As the music industry explores an updated, more artist-friendly model for streaming royalties, Warner Music has joined Universal in adopting a new “artist centric” model with Deezer in the streaming company’s home country of France. The arrangement has been in effect since Oct. 1, sources confirm to Variety.
Broadly speaking, the goal is to reward artists who are genuinely most popular on the service, and who draw listeners to it — for example, if someone were to go straight to the service and actively searches for a specific artist rather than allowing an algorithm to lead them to something.
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Warner Music France President Alain Veille said in an interview with Les Echos (as reported by Music Business Worldwide), “As we’ve consistently said, we’re committed to working with the streaming platforms to evolve business models to better reflect the value and fan engagement driven by artists, songwriters, and their art.
“So we are delighted to partner with Deezer on this artist-centric model which rewards engaging music and demonetizes non-artist noise. Our new deal will benefit creative talent at all stages of their careers and support our ability to invest in the next generation.”
Three main facets of the arrangement include:
1. Artists who accrue more than 1,000 plays a month from more than 500 unique listeners on Deezer will receive a “double boost” in their streams on the service;
2. That “double boost” doubles again if a play of an artist’s music has been actively searched;
3. Deezer will “replace non-artist noise content” on its platform with its own functional music, and de-monetize all noise content. This represents an effort to steer more of the royalty pool toward musicians rather than non-musical content like the oft-cited “rain falling on a rooftop.”
As streaming has taken hold over the past decade, artists and songwriters have clamored for a more equitable share of the royalties generated by what is now the overwhelming source of music consumption. The current models were adopted back at the dawn of the music-streaming age, when revenue was so low that there was little difference between, say, 12% and 15% of royalties. But as streaming has become a multi-billion-dollar global business, the need for a more fair model has become clear. In tandem with designing new, “artist-centric” models, streaming services have also finally raised prices and seem likely to raise them further — despite initial resistance from market-leader Spotify in particular, studies show that listeners view streaming as a bargain and are willing to pay more.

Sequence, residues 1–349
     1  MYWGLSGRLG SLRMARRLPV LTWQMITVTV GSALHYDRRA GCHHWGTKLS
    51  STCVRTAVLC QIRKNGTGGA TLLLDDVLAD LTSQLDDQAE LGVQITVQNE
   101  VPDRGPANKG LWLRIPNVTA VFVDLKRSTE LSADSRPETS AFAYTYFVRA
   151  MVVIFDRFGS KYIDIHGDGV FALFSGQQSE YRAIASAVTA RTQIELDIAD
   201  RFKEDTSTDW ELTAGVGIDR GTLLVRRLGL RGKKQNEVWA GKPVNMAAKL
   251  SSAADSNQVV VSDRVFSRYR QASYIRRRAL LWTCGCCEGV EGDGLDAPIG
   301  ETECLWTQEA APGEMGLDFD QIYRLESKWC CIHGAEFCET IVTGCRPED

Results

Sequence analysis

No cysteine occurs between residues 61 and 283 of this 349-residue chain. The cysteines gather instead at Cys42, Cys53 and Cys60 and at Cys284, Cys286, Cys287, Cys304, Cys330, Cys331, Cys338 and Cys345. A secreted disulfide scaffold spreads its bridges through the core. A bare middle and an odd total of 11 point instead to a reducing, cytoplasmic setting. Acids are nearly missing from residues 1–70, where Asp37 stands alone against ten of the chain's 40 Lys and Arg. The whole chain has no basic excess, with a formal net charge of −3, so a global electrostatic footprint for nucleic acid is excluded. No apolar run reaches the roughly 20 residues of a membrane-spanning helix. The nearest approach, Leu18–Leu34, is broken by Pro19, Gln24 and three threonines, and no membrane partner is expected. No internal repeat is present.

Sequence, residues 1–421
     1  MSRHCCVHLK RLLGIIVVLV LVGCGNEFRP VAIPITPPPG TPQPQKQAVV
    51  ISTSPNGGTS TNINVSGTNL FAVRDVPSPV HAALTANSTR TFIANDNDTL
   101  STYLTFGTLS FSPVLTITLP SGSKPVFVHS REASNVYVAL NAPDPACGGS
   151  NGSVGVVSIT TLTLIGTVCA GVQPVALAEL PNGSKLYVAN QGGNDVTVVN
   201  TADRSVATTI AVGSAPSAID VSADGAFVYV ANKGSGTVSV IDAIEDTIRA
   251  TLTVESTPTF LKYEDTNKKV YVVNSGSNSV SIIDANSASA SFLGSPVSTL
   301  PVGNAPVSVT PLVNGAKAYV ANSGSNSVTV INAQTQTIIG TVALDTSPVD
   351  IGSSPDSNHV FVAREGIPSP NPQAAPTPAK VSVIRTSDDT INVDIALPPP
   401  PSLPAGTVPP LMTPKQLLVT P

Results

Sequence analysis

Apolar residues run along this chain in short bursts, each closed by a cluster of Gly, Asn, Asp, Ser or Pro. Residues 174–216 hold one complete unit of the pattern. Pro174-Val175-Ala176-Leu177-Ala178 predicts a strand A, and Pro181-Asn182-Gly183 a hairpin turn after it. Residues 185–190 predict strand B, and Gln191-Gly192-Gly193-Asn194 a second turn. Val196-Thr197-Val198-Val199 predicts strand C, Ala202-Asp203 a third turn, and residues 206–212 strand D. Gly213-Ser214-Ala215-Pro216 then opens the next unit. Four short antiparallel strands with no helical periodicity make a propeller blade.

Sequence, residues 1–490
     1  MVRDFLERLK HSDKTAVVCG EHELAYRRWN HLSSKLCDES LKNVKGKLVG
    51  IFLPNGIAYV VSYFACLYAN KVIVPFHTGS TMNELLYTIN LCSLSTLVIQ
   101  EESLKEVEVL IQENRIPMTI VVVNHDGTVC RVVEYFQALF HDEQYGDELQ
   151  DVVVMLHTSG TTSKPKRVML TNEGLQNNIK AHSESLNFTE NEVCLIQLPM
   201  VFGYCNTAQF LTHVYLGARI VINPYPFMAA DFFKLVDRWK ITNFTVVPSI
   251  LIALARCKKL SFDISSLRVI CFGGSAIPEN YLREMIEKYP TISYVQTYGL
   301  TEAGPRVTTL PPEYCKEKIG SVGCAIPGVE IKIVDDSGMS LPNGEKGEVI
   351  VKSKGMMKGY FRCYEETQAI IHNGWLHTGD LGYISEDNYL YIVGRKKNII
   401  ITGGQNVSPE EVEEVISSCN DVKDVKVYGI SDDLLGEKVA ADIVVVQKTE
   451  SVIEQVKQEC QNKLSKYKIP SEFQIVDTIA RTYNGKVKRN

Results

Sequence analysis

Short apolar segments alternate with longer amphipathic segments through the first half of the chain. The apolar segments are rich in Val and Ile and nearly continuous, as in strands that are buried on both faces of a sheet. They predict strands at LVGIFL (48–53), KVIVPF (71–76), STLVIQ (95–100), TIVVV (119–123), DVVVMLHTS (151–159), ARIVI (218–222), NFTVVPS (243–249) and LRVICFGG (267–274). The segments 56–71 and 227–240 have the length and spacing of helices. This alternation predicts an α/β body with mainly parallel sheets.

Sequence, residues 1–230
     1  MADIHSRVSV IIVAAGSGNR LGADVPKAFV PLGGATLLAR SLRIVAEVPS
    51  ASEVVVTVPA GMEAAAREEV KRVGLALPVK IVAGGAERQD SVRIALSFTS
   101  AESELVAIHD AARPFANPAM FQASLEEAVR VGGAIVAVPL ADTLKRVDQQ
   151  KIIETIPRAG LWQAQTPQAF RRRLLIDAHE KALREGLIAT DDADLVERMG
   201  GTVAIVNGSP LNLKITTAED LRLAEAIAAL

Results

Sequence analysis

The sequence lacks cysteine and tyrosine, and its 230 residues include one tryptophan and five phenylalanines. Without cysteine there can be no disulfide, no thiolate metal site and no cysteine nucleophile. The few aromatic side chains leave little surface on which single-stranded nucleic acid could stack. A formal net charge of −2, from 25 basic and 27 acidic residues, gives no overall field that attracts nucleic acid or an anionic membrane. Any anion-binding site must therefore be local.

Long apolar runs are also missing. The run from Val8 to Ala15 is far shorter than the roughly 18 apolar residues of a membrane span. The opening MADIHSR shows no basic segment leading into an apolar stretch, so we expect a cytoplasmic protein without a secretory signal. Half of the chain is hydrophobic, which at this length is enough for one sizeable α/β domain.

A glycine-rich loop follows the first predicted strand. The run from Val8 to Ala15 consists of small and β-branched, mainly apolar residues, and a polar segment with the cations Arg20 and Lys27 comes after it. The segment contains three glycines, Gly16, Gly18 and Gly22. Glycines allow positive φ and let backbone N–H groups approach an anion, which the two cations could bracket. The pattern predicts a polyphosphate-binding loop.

However, sources confirm to Variety that Spotify is making major changes to its payment model that will address concerns similar to the ones in Deezer’s model, particularly regarding minimum stream levels and noise content.
Warner Music CEO Robert Kyncl said on the company’s earnings call in May, “It can’t be that an Ed Sheeran stream is worth exactly the same as a stream of rain falling on the roof….Now that the industry is healthy and has grown incredibly well, it’s time to re-evaluate how we’re licensing to DSPs, and to [change the model] together with them.”
In January, UMG CEO Lucian Grainge signaled the coming change by writing to the company’s staff in an email obtained by Variety, “We need a model that supports all artists — DIY, indie and major. An innovative, ‘artist-centric’ model that values all subscribers and rewards the music they love. A model that will be a win for artists, fans, and labels alike, and, at the same time, also enhances the value proposition of the platforms themselves, accelerating subscriber growth, and better monetizing fandom.”
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